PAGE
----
The lateral motion of the wings which is caused by the rotation of the center hinge over a curved surface such as the nose of the vehicle may be compensated for by compliance of the side hinge structures.
The adoption of the articulated wings permits the airflow deflector apparatus to be readily adapted to a variety of vehicle designs.
The design also permits the deflector to be collapsed into substantial conformity with the hood when the deflection of airflow is not required. Clamping structures may be provided in conjunction with the center hinge to secure the deflector in the open, closed or some intermediary position.
The structures depicted in drawing are illustrative of the invention and other methods of carrying out the invention can be practiced without departing from the scope of this invention.
In the illustrative embodiment of the invention shown in the drawing, like reference numerals refer to the same structure throughout the several figures wherein:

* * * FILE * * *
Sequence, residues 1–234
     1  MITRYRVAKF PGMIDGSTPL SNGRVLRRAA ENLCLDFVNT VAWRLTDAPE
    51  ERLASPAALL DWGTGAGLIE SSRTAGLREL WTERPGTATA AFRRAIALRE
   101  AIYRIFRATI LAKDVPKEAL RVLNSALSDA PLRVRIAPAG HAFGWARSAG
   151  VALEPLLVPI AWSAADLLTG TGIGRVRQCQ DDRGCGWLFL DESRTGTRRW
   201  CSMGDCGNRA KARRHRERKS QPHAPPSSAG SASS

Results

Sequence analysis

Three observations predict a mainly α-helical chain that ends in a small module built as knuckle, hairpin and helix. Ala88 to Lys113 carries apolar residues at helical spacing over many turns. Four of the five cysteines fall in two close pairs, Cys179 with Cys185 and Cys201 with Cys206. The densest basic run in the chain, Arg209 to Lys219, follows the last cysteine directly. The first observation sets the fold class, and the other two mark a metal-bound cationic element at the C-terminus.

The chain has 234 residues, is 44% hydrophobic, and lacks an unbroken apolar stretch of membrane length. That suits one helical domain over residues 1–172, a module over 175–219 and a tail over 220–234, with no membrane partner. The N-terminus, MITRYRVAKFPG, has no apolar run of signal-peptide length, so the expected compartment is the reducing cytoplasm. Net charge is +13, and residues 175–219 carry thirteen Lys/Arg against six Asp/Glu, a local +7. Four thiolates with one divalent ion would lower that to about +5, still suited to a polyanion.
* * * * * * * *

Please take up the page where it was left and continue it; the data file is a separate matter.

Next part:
FIG. 1 is a perspective view of a simplified embodiment of the invention in exaggerated scale to show the hinge structures and their interaction,
FIG. 2A is a front elevation showing the airflow deflector apparatus mounted at the front of a vehicle in the open position,
FIG. 2B is a front elevation showing the airflow deflector apparatus mounted at the front of a vehicle in the closed position.
The purpose of an airflow deflector is to deflect road debris and spray over the windshield of the vehicle when road and weather conditions make this desirable. In FIG. 2A the airflow deflector of the present invention is shown in an open or operating position. The deflector generally designated as 10 is mounted to the hood 12, through the use of a center hinge 14. A pair of laterally located side hinges shown as 16 and 18 also cooperate to retain the wing members 20 and 22 of the deflector. The side hinges themselves are coupled to the hood 12. Wing members 20 and 22 are retained by, and attached to the lateral hinges 16 and 18.